If someone was talking shit about you, wouldn't you want to know who it was? And if it was $145 million worth of shit you were buried under, wouldn't you be outraged and demand to know who was dumping all this excrement on top of you, and why?
Well, here we are: After $145 million of anonymous spending in the midterm elections, the American public remains none the wiser as to who not only wanted to spend fortunes influencing politics, but needed to do it without exposing their identities and their motives. Insomuch as political spending is largely an investment made by eager pay-to-players looking to get a massive return in the form of tax breaks, contracts, or legislative deference, how much worse must these interests be if they need to keep their motives secret?
There are some -- such as Supreme Court Justices Scalia and Thomas, and fulminating lawyer James Bopp -- who believe there should no disclosure on spending in elections at all, because that might expose a particular donor to criticism from others, which then would make them hesitant to give large sums to unpopular causes, and that is JUST LIKE restricting their First Amendment right to free speech.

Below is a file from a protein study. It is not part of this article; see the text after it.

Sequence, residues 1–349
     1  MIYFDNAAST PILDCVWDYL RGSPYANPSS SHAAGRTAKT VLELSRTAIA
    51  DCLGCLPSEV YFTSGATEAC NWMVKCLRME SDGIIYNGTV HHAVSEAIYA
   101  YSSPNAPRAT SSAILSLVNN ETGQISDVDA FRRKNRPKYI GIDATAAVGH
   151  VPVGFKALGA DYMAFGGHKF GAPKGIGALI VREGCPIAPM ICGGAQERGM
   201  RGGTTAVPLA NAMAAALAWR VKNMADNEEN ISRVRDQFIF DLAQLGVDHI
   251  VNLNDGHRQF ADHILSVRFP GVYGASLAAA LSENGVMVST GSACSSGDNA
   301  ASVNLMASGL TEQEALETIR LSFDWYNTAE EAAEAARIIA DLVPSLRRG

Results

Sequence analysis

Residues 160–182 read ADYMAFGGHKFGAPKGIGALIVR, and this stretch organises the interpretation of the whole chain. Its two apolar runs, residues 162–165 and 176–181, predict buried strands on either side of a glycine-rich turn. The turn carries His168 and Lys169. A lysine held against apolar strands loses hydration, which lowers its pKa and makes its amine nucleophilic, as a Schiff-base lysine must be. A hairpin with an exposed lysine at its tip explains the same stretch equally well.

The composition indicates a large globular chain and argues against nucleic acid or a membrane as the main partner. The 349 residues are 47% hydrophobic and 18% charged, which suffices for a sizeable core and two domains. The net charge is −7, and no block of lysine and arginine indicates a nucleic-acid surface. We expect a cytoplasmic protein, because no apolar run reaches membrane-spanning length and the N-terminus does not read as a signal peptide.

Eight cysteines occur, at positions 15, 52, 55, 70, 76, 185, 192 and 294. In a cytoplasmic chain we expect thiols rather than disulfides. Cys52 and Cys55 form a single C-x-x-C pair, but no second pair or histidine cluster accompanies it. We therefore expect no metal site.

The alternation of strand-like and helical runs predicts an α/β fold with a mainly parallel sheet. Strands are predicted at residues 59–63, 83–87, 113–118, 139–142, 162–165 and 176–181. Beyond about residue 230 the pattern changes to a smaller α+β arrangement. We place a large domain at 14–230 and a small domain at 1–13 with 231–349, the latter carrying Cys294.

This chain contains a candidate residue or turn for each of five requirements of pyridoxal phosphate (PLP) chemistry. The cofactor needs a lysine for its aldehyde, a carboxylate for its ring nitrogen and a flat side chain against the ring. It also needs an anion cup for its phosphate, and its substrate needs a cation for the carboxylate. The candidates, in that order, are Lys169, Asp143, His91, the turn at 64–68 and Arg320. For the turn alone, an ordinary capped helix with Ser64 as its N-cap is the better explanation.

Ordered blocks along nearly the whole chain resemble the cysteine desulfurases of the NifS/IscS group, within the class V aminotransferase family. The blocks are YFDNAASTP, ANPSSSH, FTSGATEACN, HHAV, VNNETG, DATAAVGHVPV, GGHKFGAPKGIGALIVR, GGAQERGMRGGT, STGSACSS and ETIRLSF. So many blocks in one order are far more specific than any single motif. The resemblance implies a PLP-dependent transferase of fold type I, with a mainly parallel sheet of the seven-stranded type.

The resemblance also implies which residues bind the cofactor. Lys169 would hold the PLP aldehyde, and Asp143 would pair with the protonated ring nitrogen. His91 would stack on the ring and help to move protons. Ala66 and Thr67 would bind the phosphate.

The perilous equation of money being the same as First Amendment Free Speech was ratified in 1976 by the Supreme Court in a case called Buckley v. Valeo. This rationale was the springboard for the 2010 Supreme Court decision Citizens United v. FEC, which said that corporations have as much right as people to spend money in elections, and restricting that in any way is an infringement on those corporations' First Amendment Free Speech™.
It's no wonder why more and more are questioning the very legitimacy of the Supreme Court.
In this edition of Activist Comics, the re-imagined Superman comic book cover serves as a warning to this invisible threat of dark money.